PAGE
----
Canada Revises Transfer Pricing Rules to Align with International Norms

Canada is updating its transfer pricing regulations in accordance with international standards. The proposed changes aim to enhance clarity and attract new investments.

The analysis of comparability, which involves defining transaction terms and comparing them with uncontrolled transactions, will form the basis for applying the “arm’s length principle.” Commercial and financial relationships between related entities will be considered when determining the appropriateness of the controlled transaction price.

In turn, Canadian tax legislation concerning transfer pricing has undergone minimal changes since 1997. The amendments will allow Canada to improve tax fairness and attract fresh investments.

The new transfer pricing rules begin with establishing a benchmark for comparison. The proposed changes include defining a transaction or series of transactions based on their economically significant characteristics.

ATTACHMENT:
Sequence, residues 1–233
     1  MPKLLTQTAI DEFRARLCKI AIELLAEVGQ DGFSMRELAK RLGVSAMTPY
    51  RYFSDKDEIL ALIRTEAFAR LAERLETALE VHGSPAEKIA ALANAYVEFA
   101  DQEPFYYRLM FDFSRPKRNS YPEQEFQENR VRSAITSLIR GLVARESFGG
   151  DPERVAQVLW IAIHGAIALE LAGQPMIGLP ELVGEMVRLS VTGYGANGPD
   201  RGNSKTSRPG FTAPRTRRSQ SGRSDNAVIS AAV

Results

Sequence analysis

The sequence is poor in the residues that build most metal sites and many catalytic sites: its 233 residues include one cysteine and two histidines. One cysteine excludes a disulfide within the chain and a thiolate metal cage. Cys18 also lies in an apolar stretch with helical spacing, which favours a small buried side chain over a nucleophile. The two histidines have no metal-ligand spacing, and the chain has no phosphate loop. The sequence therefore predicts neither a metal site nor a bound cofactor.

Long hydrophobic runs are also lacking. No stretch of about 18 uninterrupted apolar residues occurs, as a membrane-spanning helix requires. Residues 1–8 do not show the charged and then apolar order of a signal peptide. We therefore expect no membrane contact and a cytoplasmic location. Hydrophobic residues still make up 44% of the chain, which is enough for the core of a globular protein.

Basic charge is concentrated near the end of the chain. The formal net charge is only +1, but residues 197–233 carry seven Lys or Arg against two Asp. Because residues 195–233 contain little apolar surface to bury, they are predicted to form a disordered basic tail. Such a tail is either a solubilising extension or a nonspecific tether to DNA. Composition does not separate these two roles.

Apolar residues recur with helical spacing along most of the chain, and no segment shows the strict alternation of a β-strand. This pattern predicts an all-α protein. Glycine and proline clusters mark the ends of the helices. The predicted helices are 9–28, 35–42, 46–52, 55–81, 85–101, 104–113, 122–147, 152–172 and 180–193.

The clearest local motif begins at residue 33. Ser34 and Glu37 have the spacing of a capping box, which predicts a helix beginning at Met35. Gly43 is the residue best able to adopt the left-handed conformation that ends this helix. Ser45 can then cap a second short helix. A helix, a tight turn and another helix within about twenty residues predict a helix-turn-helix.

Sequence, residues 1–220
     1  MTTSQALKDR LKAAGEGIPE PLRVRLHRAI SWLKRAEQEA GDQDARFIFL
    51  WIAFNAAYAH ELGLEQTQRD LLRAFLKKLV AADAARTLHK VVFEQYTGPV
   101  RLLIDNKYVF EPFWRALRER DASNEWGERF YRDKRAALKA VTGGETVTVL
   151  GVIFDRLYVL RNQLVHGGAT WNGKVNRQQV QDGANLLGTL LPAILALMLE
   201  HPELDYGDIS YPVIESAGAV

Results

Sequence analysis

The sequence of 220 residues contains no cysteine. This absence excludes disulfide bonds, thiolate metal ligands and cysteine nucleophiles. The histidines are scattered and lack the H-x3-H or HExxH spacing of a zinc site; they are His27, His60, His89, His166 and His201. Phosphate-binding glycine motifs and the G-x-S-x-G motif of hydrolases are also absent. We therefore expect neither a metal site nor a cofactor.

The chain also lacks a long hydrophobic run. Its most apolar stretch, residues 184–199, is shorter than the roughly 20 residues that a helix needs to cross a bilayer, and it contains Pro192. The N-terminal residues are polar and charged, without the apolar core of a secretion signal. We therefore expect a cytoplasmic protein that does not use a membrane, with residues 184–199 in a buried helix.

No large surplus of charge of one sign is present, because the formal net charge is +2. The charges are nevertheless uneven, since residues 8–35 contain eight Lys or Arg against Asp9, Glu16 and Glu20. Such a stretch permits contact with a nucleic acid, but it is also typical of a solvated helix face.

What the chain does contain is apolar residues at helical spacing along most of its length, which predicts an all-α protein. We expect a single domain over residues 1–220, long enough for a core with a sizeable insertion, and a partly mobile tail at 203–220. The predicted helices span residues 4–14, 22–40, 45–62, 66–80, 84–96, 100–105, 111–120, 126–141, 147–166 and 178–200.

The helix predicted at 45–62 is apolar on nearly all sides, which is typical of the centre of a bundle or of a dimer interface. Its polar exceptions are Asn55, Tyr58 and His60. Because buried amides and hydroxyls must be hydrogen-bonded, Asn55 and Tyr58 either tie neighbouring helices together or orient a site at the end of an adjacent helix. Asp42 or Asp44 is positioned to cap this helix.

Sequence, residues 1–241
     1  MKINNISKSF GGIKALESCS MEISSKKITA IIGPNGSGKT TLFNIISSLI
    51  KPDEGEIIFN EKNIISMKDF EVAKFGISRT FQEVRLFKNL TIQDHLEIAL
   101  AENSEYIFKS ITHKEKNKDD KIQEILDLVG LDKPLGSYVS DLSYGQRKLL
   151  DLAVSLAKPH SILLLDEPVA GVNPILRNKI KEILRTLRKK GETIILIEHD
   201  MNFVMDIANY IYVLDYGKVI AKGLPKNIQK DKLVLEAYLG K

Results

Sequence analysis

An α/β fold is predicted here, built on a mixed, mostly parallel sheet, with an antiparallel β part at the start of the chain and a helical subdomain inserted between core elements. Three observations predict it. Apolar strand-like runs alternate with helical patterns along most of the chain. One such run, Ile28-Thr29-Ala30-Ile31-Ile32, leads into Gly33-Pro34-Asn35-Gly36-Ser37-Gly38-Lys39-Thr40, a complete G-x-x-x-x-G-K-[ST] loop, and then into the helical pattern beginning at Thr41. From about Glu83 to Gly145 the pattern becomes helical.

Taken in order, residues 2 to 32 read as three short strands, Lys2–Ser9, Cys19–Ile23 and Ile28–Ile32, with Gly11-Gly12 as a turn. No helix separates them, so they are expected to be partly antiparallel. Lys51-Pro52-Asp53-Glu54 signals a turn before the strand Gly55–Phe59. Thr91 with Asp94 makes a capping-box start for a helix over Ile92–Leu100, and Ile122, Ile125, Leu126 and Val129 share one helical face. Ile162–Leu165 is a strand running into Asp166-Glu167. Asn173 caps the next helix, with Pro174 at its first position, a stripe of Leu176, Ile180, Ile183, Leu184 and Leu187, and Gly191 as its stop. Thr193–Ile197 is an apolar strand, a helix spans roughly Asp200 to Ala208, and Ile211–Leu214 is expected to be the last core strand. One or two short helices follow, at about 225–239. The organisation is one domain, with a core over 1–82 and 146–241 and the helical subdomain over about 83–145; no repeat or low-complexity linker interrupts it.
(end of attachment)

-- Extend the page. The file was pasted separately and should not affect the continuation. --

The definition also encompasses the following factors:

Contractual conditions,
Functional analysis,
Economic circumstances.

The legislative goal is to align with international standards and conduct a more precise comparability analysis. The proposed changes involve expanding the analysis to cover all transaction conditions, including profit level indicators.

Emphasis is placed on the commercial interests of the parties and accurately defining transaction terms. The proposed non-recognition and substitution rule ensures the alignment of profit allocation with the relative contributions of group entities.

It is applied after defining the transaction and passing two tests for the adequacy of conditions.


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